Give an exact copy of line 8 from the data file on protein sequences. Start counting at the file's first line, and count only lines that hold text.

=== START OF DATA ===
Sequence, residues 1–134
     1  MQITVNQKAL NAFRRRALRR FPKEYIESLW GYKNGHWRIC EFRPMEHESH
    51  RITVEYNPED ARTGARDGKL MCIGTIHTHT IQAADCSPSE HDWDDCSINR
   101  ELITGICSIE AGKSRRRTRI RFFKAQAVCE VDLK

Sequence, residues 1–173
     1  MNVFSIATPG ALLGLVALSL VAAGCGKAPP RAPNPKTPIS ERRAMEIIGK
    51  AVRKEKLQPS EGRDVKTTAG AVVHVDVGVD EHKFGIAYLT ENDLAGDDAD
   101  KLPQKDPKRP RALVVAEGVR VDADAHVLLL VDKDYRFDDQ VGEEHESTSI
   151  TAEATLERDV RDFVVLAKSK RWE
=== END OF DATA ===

   101  KLPQKDPKRP RALVVAEGVR VDADAHVLLL VDKDYRFDDQ VGEEHESTSI